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The serious and growing financial problems gripping the United
States are affecting nations around the globe, evidence of the vast
sweep and integration of the world's economies. Stock markets are
reeling from London and Tokyo to Buenos Aires and Johannesburg.
Currencies have fluctuated wildly. And prices for copper, oil and other
commodities -- driven up by strong international growth, to the benefit
of developing nations where they are produced - have fallen in
anticipation of a global downturn that will surely cut demand. Rarely
has the expression "It's a small world," sounded more like a curse. The
temptation, then, will be strong in many countries to try to
shield themselves from future shocks as they work through the crisis.
Such protectionist instincts are understandable, but they are also
shortsighted. Amid a global credit crunch that is stifling commerce in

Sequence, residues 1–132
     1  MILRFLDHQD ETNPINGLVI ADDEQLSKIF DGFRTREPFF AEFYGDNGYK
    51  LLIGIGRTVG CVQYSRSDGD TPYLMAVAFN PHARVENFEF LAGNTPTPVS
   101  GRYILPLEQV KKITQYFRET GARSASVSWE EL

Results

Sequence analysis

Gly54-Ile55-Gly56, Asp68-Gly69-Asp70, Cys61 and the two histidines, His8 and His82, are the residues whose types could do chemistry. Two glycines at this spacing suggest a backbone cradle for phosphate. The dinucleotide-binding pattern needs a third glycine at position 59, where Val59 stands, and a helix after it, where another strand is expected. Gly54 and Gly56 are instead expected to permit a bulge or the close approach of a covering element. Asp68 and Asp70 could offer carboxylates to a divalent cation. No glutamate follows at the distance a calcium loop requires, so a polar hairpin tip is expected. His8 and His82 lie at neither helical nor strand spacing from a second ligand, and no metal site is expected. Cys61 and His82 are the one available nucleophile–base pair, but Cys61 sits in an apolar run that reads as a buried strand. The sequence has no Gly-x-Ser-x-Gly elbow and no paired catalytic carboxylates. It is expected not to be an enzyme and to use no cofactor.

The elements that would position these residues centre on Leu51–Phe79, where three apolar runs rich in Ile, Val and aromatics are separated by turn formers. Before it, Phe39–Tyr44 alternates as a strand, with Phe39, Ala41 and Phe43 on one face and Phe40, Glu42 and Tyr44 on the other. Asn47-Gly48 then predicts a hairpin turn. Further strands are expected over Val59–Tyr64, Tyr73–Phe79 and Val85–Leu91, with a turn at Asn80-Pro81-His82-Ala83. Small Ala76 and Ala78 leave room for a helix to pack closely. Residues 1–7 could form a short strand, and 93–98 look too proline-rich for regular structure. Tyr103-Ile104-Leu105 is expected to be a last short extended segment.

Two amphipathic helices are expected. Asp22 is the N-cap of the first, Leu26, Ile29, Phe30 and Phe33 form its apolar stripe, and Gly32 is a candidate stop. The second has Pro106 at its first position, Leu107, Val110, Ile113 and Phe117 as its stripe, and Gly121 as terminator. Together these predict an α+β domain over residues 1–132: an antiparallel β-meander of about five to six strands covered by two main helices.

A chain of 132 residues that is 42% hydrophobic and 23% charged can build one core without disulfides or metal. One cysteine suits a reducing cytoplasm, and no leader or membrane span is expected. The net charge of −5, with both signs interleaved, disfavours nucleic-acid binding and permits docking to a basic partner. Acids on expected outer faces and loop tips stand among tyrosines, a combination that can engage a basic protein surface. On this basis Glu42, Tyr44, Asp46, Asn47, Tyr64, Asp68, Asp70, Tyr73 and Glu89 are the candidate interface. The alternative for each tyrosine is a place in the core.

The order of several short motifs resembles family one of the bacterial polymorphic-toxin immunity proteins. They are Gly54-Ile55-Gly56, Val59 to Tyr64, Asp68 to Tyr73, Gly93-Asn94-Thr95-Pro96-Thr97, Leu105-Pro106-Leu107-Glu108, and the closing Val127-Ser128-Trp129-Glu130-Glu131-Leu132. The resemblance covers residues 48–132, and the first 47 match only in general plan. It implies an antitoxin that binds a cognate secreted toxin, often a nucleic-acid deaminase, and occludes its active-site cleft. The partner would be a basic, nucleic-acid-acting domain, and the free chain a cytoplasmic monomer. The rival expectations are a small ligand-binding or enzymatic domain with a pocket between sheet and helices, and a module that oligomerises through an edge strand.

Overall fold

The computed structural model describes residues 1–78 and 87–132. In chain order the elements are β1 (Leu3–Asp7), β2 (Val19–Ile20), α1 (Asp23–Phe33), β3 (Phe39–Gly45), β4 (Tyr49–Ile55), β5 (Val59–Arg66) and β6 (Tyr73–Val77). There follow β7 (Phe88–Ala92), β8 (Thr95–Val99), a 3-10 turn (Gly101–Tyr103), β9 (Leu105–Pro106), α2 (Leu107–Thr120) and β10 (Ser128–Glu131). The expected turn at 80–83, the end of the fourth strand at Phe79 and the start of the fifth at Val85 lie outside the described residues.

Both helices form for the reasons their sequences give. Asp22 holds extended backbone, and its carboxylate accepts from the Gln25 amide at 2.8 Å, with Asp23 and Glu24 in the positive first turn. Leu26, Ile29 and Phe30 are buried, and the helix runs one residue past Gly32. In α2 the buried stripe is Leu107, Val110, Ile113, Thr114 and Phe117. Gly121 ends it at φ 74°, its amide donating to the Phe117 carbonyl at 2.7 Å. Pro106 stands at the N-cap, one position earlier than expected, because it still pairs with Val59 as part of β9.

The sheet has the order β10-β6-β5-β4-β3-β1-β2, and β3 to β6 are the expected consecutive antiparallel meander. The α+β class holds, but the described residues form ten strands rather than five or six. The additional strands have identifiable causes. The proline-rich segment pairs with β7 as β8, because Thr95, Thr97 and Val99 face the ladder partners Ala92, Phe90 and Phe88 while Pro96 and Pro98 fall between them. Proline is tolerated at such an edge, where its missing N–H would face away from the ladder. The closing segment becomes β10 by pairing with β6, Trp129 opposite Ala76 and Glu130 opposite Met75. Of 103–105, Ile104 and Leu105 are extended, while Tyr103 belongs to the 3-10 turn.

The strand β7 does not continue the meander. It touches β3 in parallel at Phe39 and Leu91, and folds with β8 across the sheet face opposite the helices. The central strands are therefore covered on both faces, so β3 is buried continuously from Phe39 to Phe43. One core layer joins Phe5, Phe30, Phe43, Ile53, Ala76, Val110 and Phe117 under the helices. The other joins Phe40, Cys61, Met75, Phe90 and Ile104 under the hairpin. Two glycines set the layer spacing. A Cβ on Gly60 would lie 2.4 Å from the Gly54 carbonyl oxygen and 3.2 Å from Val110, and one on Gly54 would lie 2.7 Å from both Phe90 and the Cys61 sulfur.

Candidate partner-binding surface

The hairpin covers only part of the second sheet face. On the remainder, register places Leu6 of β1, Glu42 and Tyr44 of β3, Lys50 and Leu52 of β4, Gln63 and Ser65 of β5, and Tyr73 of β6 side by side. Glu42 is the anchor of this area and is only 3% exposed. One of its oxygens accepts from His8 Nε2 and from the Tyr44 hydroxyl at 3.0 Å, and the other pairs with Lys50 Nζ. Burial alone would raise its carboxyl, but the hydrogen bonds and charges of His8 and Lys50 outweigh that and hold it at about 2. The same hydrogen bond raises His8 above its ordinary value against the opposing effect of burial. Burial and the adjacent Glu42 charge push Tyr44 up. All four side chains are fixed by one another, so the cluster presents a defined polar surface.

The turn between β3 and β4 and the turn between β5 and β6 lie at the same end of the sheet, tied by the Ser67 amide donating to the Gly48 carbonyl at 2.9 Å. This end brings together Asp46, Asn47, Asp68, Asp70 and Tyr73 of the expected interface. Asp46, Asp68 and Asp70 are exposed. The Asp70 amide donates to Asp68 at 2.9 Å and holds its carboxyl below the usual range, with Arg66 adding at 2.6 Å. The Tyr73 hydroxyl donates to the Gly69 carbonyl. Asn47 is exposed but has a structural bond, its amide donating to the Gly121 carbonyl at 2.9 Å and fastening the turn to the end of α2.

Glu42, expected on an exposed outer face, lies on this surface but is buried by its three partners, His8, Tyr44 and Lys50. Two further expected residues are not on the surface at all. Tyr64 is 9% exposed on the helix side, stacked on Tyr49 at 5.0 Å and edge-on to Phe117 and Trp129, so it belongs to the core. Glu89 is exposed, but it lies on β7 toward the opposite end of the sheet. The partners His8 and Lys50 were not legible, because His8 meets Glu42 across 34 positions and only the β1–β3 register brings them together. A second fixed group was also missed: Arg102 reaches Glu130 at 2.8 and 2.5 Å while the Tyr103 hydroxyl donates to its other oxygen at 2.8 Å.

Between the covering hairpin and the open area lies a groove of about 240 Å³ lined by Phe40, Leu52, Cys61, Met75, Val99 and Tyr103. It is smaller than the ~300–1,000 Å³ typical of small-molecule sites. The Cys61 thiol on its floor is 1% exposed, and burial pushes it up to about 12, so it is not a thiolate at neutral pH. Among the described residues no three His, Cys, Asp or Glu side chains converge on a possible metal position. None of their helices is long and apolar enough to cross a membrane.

nations both large and small, the world needs more flows of investment,
services, commodities and manufactured goods to right the ship, not
less of them.U.S. Secretary of Commerce Carlos Gutierrez told business
Rio de Janeiro recently that nations with open economies will pull out
of the current crisis faster than those that cut themselves off. "More
than ever, trade is essential," Mr. Gutierrez said. During the Great
Depression of the 1930s, he noted, the U.S. erred greatly in raising
import barriers hoping to protect its economy. Instead, it sparked
retaliation from other nations and worsened the global economic
contraction. Thanks to computers, improved transportation and
financial markets, the world economy is even more integrated today.
Improved regulation and market transparency surely will be needed, but
the international community must work together to face the challenge.
That means continuing to take advantage of comparative advantages by
trading with and investing in each other. Now is not the time to raise
the drawbridge and try to retreat to
self-sufficiency, if such a thing were even possible. No nation can
prosper, so to speak, when its citizens merely take in each other's